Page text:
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Monday, March 16, 2020

State Employment in January: Wyoming

Let these numbers be a lesson for next year's legislative session here in Wyoming...

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This is the first in a series of articles on state employment numbers for January 2020. The fabulous Bureau of Labor Statistics has, namely, released its state-level employment numbers for January 2020. Today, a quick review of the numbers for Wyoming. 

It is a depressing read: things have gone from bad to worse since December.

Let us start with the big picture. Figure 1 reports the annual change in total private-sector employment, reported monthly, since January 2018. Note the sharp swing for the worse once the Revenue Committee passed the corporate income tax in August:

Figure 1
Source: Bureau of Labor Statistics

The decline stretches across almost the entire private sector. Five out of 13 industries (splitting Education and Health into two) show any growth in employment, with only two growing by more than one percent. The rest are downsizing:

Table 1: Private-sector employment change by industry
Source: Bureau of Labor Statistics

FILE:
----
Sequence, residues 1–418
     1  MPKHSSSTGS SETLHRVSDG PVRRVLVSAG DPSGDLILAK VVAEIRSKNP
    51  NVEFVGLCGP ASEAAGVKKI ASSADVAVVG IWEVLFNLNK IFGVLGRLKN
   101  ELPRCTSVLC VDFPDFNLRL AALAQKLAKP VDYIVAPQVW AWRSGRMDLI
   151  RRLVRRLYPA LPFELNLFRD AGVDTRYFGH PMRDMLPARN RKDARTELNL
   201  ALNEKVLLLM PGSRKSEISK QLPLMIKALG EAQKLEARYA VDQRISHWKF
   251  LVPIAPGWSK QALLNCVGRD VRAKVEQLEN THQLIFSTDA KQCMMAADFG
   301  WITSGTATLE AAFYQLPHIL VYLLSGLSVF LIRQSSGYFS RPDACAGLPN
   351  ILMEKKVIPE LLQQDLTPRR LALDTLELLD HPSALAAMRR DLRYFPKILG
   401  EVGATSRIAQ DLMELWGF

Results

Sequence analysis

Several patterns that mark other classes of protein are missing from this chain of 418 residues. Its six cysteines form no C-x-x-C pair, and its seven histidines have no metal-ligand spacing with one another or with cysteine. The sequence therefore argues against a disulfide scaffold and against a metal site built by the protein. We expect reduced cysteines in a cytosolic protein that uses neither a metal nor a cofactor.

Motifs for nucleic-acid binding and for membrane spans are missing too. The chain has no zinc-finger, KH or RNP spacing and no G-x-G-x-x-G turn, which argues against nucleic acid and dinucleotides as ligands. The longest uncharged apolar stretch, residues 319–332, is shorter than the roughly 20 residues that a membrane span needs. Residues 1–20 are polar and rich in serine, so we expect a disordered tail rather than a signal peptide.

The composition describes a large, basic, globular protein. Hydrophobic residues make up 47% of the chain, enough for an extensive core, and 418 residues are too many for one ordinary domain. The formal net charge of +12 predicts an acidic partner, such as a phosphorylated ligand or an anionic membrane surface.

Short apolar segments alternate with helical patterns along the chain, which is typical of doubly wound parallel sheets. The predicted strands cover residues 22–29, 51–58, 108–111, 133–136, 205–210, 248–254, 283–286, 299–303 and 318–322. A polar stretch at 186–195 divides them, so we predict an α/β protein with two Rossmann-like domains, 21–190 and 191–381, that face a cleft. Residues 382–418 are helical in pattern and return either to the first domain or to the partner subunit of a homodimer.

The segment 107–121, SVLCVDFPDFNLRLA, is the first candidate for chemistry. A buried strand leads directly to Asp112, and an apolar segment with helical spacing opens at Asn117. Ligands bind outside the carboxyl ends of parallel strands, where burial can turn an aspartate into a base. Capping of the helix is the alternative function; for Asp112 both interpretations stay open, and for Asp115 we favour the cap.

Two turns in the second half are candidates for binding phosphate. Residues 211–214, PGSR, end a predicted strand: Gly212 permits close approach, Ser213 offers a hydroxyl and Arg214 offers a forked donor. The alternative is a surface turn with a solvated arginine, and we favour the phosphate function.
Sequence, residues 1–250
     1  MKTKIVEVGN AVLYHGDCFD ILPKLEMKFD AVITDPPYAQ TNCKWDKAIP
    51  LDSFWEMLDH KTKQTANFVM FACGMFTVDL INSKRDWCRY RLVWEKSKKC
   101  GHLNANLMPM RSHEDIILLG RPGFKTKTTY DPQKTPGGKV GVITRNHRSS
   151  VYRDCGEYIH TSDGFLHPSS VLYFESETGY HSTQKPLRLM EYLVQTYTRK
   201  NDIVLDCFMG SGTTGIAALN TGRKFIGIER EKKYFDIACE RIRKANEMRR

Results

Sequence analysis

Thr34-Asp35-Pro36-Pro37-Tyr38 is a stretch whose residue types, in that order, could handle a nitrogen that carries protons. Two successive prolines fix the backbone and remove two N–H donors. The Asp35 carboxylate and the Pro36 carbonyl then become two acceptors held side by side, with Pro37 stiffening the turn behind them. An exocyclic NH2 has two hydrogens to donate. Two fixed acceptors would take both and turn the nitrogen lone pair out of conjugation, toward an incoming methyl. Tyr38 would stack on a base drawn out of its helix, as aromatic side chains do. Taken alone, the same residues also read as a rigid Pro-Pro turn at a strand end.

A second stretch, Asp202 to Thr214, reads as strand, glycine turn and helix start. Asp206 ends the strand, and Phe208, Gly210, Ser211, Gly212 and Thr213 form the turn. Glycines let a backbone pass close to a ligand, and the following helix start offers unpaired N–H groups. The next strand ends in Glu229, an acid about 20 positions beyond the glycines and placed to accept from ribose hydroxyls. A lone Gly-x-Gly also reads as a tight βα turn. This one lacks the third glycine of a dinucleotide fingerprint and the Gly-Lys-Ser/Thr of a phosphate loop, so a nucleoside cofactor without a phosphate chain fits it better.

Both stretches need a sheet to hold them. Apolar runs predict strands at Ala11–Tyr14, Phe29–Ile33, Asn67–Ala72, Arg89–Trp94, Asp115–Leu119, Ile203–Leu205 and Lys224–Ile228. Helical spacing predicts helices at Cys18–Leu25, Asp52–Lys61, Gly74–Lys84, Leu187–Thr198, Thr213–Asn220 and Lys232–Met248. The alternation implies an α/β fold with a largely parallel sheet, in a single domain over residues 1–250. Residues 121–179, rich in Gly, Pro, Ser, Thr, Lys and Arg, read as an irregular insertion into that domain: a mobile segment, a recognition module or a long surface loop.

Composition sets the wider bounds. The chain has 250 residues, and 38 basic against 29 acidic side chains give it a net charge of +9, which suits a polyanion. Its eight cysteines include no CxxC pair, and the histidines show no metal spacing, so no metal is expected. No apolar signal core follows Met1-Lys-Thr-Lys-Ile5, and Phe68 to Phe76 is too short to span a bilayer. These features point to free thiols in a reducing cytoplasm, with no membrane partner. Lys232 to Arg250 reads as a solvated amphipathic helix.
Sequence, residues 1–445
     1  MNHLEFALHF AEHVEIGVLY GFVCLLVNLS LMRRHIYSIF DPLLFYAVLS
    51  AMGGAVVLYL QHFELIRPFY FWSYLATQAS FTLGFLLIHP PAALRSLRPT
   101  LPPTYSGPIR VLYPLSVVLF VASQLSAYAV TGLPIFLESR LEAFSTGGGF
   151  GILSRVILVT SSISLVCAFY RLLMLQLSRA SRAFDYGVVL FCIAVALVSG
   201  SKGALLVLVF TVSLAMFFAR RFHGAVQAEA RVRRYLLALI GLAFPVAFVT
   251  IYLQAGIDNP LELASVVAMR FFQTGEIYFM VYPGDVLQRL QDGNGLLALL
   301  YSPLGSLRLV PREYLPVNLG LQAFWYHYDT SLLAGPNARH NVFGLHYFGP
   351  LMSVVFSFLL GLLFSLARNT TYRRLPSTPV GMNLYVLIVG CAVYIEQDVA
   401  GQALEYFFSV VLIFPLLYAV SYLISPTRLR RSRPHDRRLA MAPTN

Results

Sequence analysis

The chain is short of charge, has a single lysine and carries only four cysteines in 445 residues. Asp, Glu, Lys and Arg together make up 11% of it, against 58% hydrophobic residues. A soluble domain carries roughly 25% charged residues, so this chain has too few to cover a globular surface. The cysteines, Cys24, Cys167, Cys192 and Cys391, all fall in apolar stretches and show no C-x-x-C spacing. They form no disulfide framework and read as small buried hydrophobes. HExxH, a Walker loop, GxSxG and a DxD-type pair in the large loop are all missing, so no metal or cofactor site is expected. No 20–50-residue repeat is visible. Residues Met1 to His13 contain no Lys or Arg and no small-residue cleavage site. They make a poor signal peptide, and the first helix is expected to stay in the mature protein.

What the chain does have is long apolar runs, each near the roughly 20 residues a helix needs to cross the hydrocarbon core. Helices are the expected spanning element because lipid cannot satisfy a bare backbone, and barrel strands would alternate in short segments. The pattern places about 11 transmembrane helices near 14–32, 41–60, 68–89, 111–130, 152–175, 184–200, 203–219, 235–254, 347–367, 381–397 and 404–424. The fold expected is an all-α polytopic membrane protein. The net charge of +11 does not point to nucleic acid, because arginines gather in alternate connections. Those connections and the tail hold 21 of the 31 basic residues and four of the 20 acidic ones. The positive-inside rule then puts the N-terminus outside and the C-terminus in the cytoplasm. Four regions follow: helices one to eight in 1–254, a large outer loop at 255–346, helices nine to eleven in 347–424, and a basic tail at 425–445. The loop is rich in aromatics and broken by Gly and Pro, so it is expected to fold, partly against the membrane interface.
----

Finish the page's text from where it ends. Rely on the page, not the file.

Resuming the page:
Jan 2020
Transportation, warehousing, utilities2.76%
Health Care1.97%
Financial Activities0.91%
Leisure, Hospitality0.88%
Professional, business services0.56%
Local government0.43%
Manufacturing0.00%
Wholesale trade0.00%
State government-0.69%
Construction-0.99%
Other services-1.25%
Retail trade-2.46%
Information-2.94%
Education services-3.23%
Minerals-3.32%

If Wyoming had maintained in January the same year-to-year increase in private employment as we had in August, there would have been more than 4,600 extra employees in the private sector. To see the significance in this, imagine if all of those 4,600 left Wyoming and, on average, brought one spouse and one child with them.

It is not just jobs that are vanishing. Paychecks are also dwindling. In December, it was "only" jobs and weekly hours that were in decline; in January this year, the hourly wage is added to that list:

Figure 2
Source: Bureau of Labor Statistics

This is not a good picture for our state. Fortunately, the corporate income tax died on the doorsteps of the state Capitol, so we can probably expect better employment numbers in the second quarter of this year. However, if the legislative leadership brings back the corporate income tax one more time, the decline we have seen now will continue. 

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